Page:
- For a general understanding of magnetic sensing, check out KJ Magnetics’ Reed Switches and Hall Effect Sensors
- Hall Effect Sensor from Electronics Tutorial
- Sensor Choices for Pneumatic Cylinder Positioning from Hydraulics & Pneumatics
- Honeywell’s Hall Effect Sensing And Application document
- Hall effect sensor on Wikipedia
Photoelectric Proximity Sensors
Photoelectric sensors, or “photo eyes,” are triggered by the presence or absence of electromagnetic radiation. Most commonly, this electromagnetic radiation would be infrared or visible light.
Depending on the type of sensor and application, photoelectric sensors may require some setup. This is due to the many ways in which photoelectric sensors can be utilized and the versatility offered by many sensors in when the sensor will turn on or off its output.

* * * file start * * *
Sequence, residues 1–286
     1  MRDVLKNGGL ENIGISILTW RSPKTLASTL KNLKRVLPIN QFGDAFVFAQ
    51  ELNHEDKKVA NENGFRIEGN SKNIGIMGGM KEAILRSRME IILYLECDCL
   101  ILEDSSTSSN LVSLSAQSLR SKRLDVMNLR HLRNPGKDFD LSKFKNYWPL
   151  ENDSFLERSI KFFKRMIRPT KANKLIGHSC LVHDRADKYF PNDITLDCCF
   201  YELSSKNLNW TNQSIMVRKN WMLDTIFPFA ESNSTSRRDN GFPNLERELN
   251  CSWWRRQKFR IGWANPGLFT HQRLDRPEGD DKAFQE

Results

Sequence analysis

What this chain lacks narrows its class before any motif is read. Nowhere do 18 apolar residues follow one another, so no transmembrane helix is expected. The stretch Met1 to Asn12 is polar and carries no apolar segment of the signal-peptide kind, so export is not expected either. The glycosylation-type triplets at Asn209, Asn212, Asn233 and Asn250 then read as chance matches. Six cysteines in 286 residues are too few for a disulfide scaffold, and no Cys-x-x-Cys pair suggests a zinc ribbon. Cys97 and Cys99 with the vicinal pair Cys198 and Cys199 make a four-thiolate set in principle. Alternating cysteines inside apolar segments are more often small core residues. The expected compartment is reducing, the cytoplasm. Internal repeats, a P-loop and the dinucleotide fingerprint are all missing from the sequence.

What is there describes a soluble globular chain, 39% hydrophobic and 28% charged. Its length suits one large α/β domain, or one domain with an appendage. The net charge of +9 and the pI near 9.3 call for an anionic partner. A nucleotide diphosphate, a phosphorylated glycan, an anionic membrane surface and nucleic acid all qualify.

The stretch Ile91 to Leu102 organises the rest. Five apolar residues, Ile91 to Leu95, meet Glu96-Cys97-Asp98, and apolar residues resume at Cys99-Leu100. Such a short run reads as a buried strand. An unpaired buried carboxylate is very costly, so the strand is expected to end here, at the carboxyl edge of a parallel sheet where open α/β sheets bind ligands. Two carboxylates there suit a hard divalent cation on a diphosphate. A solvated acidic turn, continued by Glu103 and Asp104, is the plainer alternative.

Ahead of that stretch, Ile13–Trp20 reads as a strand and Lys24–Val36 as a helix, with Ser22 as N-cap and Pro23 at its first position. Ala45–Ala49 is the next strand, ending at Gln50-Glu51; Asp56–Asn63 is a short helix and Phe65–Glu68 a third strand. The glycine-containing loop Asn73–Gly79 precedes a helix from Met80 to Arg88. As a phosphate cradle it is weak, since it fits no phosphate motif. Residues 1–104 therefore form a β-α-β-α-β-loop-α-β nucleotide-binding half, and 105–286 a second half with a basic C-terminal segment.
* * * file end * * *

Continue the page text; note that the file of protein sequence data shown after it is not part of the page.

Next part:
When discussing photo eyes, the concepts of Normally Open and Normally Closed often translate to Dark On and Light On. Depending on how your sensor is configured, Light On generally means that the sensor’s output will only be ON when the emitter’s beam is detected at the receiver. Dark On is the opposite condition.
There are three broad types of photoelectric sensors:
Through-Beam Photoelectric Sensors
Through-beam photo eyes consist of two separate electronic components: an emitter and a receiver. The emitter shines a beam of infrared or visible light. The receiver detects this light and the sensor’s output changes when a certain level of light is seen.
Opposed (through-beam) photo eyes are often used to detect small parts. As long as the part is big enough to interrupt the effective beam, the sensor will change its output state.
Sensors of this type can look across a conveyor or feed track to count parts or to trigger an event when a part is seen. Through-beam sensors are very accurate and have a long sensing range. One of their chief drawbacks is that they require the purchase and installation of two costly components: an emitter and a receiver.